I am able to use Te to see possibilities and how things work, like an INTP,  fairly well. I guess 18 years developing that skill still counts for something.

So, that leaves me with a plan for improvement. The good folks at Personality Hacker say that the key to personal growth is to develop your secondary process. For an INTJ that is Te. Te looks at something and asks the question "how can I use this?". So I need to work on completing tasks and putting them to the test in the real world. It is a deductive trail and error process. New Mantra: Done is better than Perfect. I need to not obsess over the perfect path to do something and just do it. This will be a hard thing for me to do. It will certainly take me out of my comfort zone. But isn't that where they say growth happens? Time to do a deep dive into INTJ specific information.

In an effort to keep better track of information and events I have started using a bullet journal. I have it all set up using Microsoft One Note rather than paper and pen, I am a tech geek at heart. I am interested to see how this goes.

Things I know:

  1. I am an INTJ
  2. I have a lot of work to do.

Things I want to know:

  1. Are there questions that I can ask myself to direct my thoughts to a utility base other than "How can I use this?"
  2. How can I leverage my thought process to not only create a system (my journal) but keep up with it?

Saturday, December 10, 2016

About Me ...... or, Who's Mind is This Anyway?

I am from a small-medium sized town in Georgia called Dalton. After graduating from High School I entered the Army. I seemed to take longer than other people to adjust to the military way of doing things. I can remember doing a billion pushups because I kept asking "why?" In the military you are expected to do things because you are told to do them. I really didn't have a problem with that, I just didn't understand what we were doing and trying to figure it out was slowing me down. Two things happened after that, 1. I got really good at doing pushups. 2. I stopped asking why.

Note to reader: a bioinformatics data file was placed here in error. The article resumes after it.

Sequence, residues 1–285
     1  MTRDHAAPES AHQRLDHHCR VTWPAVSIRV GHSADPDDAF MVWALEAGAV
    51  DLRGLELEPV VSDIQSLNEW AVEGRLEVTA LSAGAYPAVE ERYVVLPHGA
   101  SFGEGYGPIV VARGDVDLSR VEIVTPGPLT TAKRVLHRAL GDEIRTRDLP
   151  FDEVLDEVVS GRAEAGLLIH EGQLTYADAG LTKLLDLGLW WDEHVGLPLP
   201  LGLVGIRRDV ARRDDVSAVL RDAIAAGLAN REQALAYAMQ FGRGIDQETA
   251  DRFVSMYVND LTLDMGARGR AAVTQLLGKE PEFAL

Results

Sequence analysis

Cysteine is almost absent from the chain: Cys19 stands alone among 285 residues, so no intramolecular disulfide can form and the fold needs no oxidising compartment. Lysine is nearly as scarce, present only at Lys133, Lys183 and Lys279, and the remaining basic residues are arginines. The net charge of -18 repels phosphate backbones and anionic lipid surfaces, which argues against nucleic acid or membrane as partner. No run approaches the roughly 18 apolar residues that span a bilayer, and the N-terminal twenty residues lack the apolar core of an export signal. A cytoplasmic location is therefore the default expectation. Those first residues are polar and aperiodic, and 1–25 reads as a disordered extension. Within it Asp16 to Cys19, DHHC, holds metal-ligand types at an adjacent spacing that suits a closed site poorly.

In my youth I was certainly a Myers-Briggs type INTP.  That means that when I came across something new I would start with the Ti function. Ti is Introverted Thinking. So I would try to match things with things I already knew. Kind of like everything I know is on a series of wire frames and this new data would either fit on an existing frame, connect two different frames, or be a new frame . Creating a new frame is the most difficult. All of this new Military knowledge had little to connect with on my existing wire frames. By asking "why" I was able to match parts of the new data with existing frames, thus creating extensions of frames. When I stopped asking "why" all of the new data became new frames. The problem was that these new frames weren't linked. They were just separate pieces, like towns with roads but no roads going into or out of the town.
The second cognitive function in my stack was Extraverted Intuition (Ne). That process looks at what could be done with that new data. It takes a little thing and makes a near infinite flow of what could be. The "whys" keep that flow focused. It allows for some guidance. Some sort of criteria that this new data is meeting or problem that it is solving. That way when new ideas are coming they can be filtered to only those that meet the existing criteria. When I stopped getting all the data my brain went into overload. It was like my Ne just shut down because it was still spitting out ideas for information that was experienced weeks ago.

At this point I was a lost soul. I know that training is supposed to break you down so that they can build you back up, but this was not the kind of break that they were looking for. I can remember acting on Sensation. This is how 65%-75% of the population functions. The issue for an INTP stacked person acting in Sensation is that the S function is only about as developed as a 10 year old.
I survived basic training and entered into job training. I found this to be a more academic setting, and one where I could ask "why" when I absolutely needed to. The damage had been done though. I wasn't the same as I had been. Instead of going back to INTP, I was now thinking more like an INTJ. As it was happening I had no clue what was going on. I was scared. An INTJ looks at something new and uses Introverted Intuition (Ni). Ni wants to know what the best guess of how something works. It takes an almost infinite amount of data and distills it into its basic parts, or most recognizable parts. The second function for an INTJ is Extraverted Thinking (Te). Te looks for ways of using things. The power of an INTJ is solving problems and improvising. Those skills fit in with the Army much better.